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We assume that there are 200 bytes of memory in our processor.

Here's the code:

#include <stdlib.h>

char * p;
char data;
void test1()
{
    p = (char *)malloc(sizeof(char) * 300);
    p[0] = 1;
}

void test2()
{
    p = (char *)malloc(sizeof(char) * 300);
    data = p[5];
}

When I run the "test1()", obviously there will be a memory overflow. However "test2()" will not. Does the compiler optimized the memory in "test2()" ? How?

And there's another strange problem:

void test3()
{
    char ele[1000]={0};     
}

void test4()
{
   char ele[1000];
   ele[999] = 10;
}

The "test3()" will cause memory overflow, and "test4()" will not.

Sorry for my bad English,and thank you for your answer.

======================================================

Finally,I figure that out. I checked the assembly code, in “test3” it allocated memory indeed.But in "test4" ,the compiler optimized the array, does not allocated memory for it.

Thanks @Philipp,Thanks all.

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closed as unclear what you're asking by Ed S., Nishith Jain M R, DavidO, Jonathan Leffler, Romoku Feb 28 '14 at 15:10

Please clarify your specific problem or add additional details to highlight exactly what you need. As it's currently written, it’s hard to tell exactly what you're asking. See the How to Ask page for help clarifying this question.If this question can be reworded to fit the rules in the help center, please edit the question.

2  
Doesn the compiler "optimize" what exactly? There is no "memory overflow" in any of your examples. I don't think you understand what any of your code is doing. –  Ed S. Dec 23 '13 at 5:07
    
I believe you need to study some operation system concept first. –  moeCake Dec 23 '13 at 5:11
    
Virtual memory is the answer –  Smac89 Dec 23 '13 at 5:11
    
@EdS. assuming the first sentence is true in the question, I think he means allocation failure leading to UB. I do, however, concur with the latter assessment. –  WhozCraig Dec 23 '13 at 5:11
    
Actually my ARM-board is stop running ,when I run "test1()" or "test(3)", and there's no operation system in the processor. –  John G Dec 23 '13 at 5:16

2 Answers 2

When malloc fails because it can't allocate enough memory, it won't crash. It will return the memory address 0 instead.

When you neglect checking the return-value and treat that value as an array, you can still read from it. The reason is that the operator [5] means basically as much as "start from that address, move 5 steps ahead in memory, and read from there". So when p is 0, and you do data = p[5];, you read whatever is at memory address 5. This isn't the memory you allocated - it's whatever is in memory at that location.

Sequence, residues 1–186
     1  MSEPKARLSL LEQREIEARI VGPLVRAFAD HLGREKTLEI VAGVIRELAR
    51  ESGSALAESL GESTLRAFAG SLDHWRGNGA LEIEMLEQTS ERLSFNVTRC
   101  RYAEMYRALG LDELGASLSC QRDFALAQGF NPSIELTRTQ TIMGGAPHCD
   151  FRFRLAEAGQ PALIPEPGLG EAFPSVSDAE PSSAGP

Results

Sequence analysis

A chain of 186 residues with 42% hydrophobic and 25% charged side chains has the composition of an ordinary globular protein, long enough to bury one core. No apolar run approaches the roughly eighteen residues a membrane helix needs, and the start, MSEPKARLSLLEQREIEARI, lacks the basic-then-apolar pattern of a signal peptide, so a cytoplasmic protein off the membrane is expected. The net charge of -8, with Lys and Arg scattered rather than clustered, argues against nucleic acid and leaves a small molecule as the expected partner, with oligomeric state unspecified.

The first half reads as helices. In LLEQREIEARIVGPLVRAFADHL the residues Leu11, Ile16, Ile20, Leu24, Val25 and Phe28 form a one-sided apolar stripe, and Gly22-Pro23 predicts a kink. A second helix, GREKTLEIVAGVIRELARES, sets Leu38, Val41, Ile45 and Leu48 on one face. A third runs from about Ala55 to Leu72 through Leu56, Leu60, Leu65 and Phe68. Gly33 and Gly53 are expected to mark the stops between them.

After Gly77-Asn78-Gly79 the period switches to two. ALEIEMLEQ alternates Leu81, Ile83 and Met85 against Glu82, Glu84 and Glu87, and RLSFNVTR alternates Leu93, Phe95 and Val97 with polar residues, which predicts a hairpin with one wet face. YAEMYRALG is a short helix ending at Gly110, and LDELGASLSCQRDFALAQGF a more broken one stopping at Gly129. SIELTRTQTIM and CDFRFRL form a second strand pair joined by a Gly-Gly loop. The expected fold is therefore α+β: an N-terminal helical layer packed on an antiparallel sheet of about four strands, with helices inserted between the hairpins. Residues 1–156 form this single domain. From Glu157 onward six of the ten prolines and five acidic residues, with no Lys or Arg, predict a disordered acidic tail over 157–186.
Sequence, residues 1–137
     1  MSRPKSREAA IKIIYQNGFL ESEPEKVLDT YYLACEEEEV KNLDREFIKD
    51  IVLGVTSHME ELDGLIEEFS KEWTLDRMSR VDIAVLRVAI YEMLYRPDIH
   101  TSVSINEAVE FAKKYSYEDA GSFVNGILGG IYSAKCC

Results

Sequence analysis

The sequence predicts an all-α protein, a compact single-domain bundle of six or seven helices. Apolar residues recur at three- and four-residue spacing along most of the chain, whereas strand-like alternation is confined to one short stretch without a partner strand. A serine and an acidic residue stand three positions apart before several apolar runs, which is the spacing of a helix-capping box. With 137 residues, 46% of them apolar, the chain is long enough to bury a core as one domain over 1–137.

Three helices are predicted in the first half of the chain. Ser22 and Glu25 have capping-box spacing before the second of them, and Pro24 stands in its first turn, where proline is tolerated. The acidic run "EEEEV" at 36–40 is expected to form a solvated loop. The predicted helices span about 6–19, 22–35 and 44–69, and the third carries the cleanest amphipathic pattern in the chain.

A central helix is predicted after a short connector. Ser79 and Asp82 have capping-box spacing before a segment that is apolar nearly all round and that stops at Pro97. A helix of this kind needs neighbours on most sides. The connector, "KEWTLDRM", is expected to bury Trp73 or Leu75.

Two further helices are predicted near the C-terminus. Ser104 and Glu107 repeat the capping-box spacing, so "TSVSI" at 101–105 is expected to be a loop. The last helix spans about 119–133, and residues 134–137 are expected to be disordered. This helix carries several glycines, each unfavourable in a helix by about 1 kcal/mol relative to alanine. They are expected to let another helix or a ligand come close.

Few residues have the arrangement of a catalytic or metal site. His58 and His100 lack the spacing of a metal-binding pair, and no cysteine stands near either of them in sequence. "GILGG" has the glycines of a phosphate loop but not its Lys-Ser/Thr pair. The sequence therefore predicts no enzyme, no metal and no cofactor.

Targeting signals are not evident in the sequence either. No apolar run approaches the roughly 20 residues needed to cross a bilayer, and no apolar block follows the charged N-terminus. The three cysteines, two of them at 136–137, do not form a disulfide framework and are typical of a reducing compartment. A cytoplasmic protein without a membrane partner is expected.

But when you try to write something to p[0], you are trying to write to memory address 0 which is not allowed and will lead to a runtime error.

Bottom-line: Whenever you do malloc, check the return value. When it's 0, the memory allocation has failed and you have to deal with that.

share|improve this answer
    
Thanks,and what happened in "test4",it should be crashed too. –  John G Dec 23 '13 at 5:18
    
Not clear to me what this has to do with OP's questions, considering that he is asking about "overflow" and none exists in any of his code. –  Andrey Dec 23 '13 at 6:40
    
Not only English matter, he should describe test envirment, code, input, output, what's in his mind, and what's his question thoroughly, not letting people guessing. –  moeCake Dec 23 '13 at 6:51
    
@moeCake Sorry ,I tested on my MCU board,it has 512K flash,and 64K SRAM, I allocated 0x400 bytes for stack size, 0x200 bytes for heap size. "test3" will cause the stack overflow,because when I allocated more stack size like 0x1000 for "test3", there is no running problem for my MCU,it works well.However, the "test4" is works well when stack size is still 0x400.Thanks for your patience. –  John G Dec 23 '13 at 7:40
    
test3 do assign every element in array to 0; while test4 only assign 1 elemnt, even it's the last one, there is no guarantee how virtual memory is mapped. –  moeCake Dec 23 '13 at 8:45

When you request a memory allocation which is greater than available memory, malloc() simply returns NULL. For checking this just add error checking to your code like,

#include <stdlib.h>
char * p;
char data;
void test1()
{
    p = (char *)malloc(sizeof(char) * 300);
    if(p == NULL)
    {
        printf("Failed to allocate memory\n");
        return -1;
    }
    p[0] = 1;
}

void test2()
{
    p = (char *)malloc(sizeof(char) * 300);
    if(p == NULL)
    {
        printf("Failed to allocate memory\n");
        return -1;
    }
    p[0] = 1;
    data = p[5];
}

The above calls simply returns error in your case.

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